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How has the Singapore workforce adapted to "Living with Covid"?

The Institute of Policy Studies (IPS) has been actively researching with online surveys, throughout the pandemic period, across various themes and topics relating to how the Singapore-based population is reacting and managing life during Covid-19.

Over a series of ‘survey waves’, researchers have covered themes such as “How have Singaporeans' attitudes towards living with the coronavirus changed”, “Attitudes and perceptions of Singaporeans towards work and workplace arrangements amidst the global COVID-19 pandemic” and “behaviours in the new normal as the country moves towards endemic living”.

We summarise some of the key themes specific to the Singapore-based workforce from these studies:

Preferences for work arrangements continue to shift

- Between July 2021 to April 2022, between 41 - 52 percent felt that flexible work arrangements should be the new norm for workplaces in Singapore.

- This is broken down into ~40% are looking at working from home three days a week, ~30% are looking at working from home one to two days a week and ~20% are looking at working from home four to five days a week.

These preferences seem to be highly driven by the home and family environment

- 44 percent of respondents with children at home preferred working from home on most days. Respondents with younger children had lower levels of well-being if they had to return to the office on most days.

- 52 percent of respondents with aged persons at home preferred working from home on most days as they prefer the flexibility to arrange their work schedule around caregiving needs of the aged persons.

- 38 percent of respondents with both children and aged persons at home also feel that working from office on most days should be the new norm for workplaces compared to respondents with children or respondents with aged persons at home.

More respondents are returning to the office

- At least half of the respondents have been doing so throughout the pandemic.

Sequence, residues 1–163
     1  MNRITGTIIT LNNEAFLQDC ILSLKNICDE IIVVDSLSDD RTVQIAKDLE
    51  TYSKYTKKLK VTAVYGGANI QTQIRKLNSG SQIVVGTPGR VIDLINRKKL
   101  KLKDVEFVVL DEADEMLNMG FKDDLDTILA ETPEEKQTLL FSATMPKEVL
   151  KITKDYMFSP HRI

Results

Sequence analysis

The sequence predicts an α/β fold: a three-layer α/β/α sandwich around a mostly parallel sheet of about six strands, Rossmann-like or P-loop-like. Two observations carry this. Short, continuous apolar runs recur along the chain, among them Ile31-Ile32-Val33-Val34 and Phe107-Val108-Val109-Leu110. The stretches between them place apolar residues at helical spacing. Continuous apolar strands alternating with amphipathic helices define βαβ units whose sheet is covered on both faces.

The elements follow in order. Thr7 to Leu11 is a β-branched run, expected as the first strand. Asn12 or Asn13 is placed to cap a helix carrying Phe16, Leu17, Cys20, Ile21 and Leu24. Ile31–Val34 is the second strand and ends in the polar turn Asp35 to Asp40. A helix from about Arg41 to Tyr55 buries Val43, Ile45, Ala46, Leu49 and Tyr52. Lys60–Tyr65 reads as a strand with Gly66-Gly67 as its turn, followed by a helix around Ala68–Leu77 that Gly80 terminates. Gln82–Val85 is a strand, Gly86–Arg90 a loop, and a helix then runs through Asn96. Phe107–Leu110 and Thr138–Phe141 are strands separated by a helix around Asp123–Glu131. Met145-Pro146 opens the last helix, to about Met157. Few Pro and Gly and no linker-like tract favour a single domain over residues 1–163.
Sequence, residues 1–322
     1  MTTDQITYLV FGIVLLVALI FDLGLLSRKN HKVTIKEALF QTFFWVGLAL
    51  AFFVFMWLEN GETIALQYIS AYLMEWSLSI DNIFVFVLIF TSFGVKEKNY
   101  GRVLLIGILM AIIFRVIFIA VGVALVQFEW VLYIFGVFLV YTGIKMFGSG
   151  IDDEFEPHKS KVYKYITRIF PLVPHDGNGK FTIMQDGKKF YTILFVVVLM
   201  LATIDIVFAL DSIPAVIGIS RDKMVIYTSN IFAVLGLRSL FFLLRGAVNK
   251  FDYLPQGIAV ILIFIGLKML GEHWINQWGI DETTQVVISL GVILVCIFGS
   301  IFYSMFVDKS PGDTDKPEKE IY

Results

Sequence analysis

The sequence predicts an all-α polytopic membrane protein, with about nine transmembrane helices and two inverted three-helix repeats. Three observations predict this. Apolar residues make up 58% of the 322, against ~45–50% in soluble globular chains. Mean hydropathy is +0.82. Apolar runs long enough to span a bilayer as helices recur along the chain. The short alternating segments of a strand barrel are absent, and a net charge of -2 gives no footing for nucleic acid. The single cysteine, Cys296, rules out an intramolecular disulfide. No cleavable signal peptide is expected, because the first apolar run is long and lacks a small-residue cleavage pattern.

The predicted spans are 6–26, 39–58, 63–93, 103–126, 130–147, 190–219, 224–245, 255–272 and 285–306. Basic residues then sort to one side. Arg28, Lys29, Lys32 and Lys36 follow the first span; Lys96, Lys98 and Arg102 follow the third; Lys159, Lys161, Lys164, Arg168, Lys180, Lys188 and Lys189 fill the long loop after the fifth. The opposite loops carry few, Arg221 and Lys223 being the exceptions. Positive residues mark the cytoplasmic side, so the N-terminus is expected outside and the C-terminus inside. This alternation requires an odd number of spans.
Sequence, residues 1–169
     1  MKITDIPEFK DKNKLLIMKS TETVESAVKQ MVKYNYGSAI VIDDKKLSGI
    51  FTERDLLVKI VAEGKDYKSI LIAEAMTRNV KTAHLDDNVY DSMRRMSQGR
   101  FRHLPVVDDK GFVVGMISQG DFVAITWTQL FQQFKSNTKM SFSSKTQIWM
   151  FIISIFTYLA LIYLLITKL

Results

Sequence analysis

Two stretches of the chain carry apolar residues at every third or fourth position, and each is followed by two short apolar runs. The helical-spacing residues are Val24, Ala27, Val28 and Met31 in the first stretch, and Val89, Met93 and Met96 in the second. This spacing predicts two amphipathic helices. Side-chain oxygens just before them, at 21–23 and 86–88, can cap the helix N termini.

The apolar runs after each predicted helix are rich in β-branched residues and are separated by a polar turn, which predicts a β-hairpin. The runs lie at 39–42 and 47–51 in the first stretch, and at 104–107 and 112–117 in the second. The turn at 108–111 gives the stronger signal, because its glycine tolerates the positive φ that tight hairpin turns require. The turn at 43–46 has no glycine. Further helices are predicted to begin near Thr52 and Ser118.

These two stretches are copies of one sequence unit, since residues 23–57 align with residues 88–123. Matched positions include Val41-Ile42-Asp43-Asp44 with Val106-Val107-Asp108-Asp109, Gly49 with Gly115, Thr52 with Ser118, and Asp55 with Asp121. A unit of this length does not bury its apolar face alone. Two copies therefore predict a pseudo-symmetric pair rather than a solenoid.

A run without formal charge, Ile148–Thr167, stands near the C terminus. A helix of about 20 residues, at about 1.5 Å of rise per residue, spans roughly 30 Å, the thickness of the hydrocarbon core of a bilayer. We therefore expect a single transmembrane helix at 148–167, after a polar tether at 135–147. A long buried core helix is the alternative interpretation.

- This proportion has been increasing in 2022, with 74 per cent returning to workplaces on most days in April 2022; this was the week after the announcement of the easing of workplace safe management measures.

What are the drivers for returning to the office?

- Easy access to the office network and IT systems was key in returning to the office (79 percent).

- The ease of collaboration with colleagues and project management was a close second (78 percent).

- Conducive and dedicated working space was cited as the third driver (76 percent)

- As a contrast, more than 80 percent of respondents felt that reduced chances of catching COVID-19 (87 percent), greater flexibility in incorporating personal life needs with work schedules (83 percent) and the ability to attend to family needs (81 per cent) were important reasons as to why they would prefer to work from home.

What are the challenges working from home?

- The biggest challenge for 44 percent of respondents was the inability to unplug from work after working hours.

- About three in ten (37 percent) shared that the lack of social interaction with colleagues was a challenge.

- Another 35 percent said it was a challenge to develop mutual trust between employer and employee.

Looking outwards from the workplace, what are some concerns Singapore-based respondents have?

- More than four in ten respondents have shared that they are rather or very worried about the cost of healthcare (45 per cent), cost of utilities (41 per cent) and cost of food (40 per cent) possibly rising this year.

- Respondents shared that there is a need to provide support for businesses that are affected by the pandemic and encourage employers to hire through the Jobs Growth Incentive (44 percent).

- Six out of ten respondents felt confident that – based on the performance of dealing with the Covid-19 pandemic, that Singapore is well prepared to face the next pandemic.

Mental health and wellness a key concern

- Two age cohorts – those aged 21 to 29, and those aged 40 to 49 -experienced declining mental or emotional health.

- The study shared that “…young people may be worried about their life choices amid an uncertain future or stressed from fledgling careers, while middle-aged respondents may be facing considerable financial pressures to support the old and the young amid job disruptions and the rising cost of living.”

The IPS study on work and workplace arrangements summarises its findings by sharing that organisations can give more consideration towards employee needs by involving them in the decision on workplace arrangements, with an objective of increasing better work-life harmony. This will help support employees achieve work and personal goals, and encourage progressive practices in workplaces.

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